Bill Description: Senate Bill 1068 would require the Legislature to adjourn by the last Friday in March and provides for certain exceptions.
Does it in any way restrict public access to information related to government activity or otherwise compromise government transparency or accountability? Conversely, does it increase public access to information related to government activity or increase government transparency or accountability?
Senate Bill 1068 amends Section 67-404, Idaho Code, to state that "each regular legislative session shall adjourn sine die on or before 11:59 p.m. on the last Friday in March," and to provide for certain exceptions.
Exceptions include "for the sole purpose of addressing a gubernatorial veto or vetoes, or potential gubernatorial veto or vetoes"; "in the event of an unforeseen anomaly such as a disaster, emergency, or extreme peril"; or "if the legislature passes a concurrent resolution to extend the session that is approved by a two-thirds (2/3) majority of the members in each house."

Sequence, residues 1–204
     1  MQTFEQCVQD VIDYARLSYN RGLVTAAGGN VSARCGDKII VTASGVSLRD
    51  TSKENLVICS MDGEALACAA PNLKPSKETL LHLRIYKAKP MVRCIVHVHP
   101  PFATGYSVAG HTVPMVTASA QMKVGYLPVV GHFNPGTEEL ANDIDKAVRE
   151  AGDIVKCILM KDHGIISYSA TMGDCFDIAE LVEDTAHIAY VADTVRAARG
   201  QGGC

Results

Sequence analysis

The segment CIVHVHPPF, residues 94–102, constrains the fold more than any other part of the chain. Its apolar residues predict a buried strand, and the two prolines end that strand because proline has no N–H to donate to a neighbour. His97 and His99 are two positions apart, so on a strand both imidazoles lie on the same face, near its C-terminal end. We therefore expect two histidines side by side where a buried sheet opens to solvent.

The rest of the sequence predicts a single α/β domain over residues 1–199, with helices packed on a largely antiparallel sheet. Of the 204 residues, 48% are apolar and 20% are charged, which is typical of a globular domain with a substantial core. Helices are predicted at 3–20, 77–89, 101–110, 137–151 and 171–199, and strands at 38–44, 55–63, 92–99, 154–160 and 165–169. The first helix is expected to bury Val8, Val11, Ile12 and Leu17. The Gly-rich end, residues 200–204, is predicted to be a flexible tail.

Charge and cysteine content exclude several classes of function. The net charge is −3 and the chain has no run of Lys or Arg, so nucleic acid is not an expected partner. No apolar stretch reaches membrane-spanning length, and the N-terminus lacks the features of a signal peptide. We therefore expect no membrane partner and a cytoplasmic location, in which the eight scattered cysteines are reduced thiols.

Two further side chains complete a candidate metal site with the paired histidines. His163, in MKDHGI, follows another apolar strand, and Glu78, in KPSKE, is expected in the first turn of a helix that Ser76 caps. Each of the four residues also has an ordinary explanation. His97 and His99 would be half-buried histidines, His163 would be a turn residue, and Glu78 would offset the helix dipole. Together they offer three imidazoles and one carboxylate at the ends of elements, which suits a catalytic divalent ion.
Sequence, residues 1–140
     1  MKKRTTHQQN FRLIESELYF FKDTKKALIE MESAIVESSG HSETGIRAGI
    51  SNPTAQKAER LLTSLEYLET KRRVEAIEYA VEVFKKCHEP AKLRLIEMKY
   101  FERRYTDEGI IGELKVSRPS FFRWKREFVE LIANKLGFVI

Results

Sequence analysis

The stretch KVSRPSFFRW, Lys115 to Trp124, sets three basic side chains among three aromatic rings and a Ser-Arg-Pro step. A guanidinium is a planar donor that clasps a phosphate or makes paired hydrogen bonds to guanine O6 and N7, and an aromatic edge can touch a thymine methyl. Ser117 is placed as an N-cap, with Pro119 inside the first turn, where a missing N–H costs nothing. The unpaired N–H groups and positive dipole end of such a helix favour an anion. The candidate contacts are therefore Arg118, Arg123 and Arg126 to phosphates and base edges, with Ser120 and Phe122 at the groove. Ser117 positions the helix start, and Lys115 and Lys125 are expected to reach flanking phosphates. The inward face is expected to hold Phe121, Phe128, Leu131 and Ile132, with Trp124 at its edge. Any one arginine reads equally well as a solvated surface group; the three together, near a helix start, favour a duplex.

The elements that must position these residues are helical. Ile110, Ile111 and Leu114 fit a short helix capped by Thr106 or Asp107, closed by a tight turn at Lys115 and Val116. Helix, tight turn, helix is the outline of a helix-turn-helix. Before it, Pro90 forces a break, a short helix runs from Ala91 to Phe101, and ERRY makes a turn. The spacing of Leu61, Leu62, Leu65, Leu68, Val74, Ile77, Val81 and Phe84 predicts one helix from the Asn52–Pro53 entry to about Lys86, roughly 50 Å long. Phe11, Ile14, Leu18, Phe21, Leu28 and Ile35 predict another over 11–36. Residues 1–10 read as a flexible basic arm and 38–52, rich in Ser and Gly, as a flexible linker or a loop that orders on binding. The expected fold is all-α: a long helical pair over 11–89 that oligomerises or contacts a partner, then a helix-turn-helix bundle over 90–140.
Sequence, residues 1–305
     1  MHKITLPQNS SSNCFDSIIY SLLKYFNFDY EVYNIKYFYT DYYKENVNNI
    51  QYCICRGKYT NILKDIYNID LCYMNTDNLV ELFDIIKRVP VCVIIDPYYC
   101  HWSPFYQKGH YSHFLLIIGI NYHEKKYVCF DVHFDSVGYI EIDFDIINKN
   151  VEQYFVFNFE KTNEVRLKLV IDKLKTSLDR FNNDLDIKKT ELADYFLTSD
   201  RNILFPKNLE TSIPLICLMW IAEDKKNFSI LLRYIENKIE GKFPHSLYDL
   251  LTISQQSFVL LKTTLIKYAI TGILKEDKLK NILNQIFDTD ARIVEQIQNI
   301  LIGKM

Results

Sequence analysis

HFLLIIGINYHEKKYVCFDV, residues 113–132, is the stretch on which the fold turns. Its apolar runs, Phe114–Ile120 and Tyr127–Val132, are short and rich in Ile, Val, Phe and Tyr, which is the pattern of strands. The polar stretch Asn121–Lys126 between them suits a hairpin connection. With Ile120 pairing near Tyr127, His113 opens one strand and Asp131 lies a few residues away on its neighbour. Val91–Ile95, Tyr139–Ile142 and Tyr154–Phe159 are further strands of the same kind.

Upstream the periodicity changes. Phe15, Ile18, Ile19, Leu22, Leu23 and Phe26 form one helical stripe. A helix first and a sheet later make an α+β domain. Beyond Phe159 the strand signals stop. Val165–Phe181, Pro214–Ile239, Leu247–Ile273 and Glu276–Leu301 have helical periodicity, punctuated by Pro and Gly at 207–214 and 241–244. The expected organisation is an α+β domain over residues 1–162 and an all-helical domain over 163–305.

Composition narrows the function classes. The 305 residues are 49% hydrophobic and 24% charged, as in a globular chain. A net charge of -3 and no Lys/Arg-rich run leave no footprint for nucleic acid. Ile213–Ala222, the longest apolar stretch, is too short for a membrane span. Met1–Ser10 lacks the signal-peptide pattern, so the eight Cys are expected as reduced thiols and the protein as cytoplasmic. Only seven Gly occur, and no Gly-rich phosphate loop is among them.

Shortening the regular legislative session might improve efficiency and even save a little money, but it is also likely to have other consequences that limit the public's access to the lawmaking process and reduce accountability and transparency.
Under normal circumstances, the path for a bill to be adopted is intentionally lengthy and deliberate, allowing legislators and the public time to read, consider, and weigh in on proposed legislation. Under a compressed timeline as proposed by Senate Bill 1068, these processes are likely to be disrupted and suspended (which can be done through procedural means), thus limiting or even denying meaningful public input.
Additionally, a shortened session will effectively transfer even more power to legislative leadership and committee chairs, who will be able to 'run out the clock' on legislation they oppose by denying it a hearing or possibly even a vote on the floor.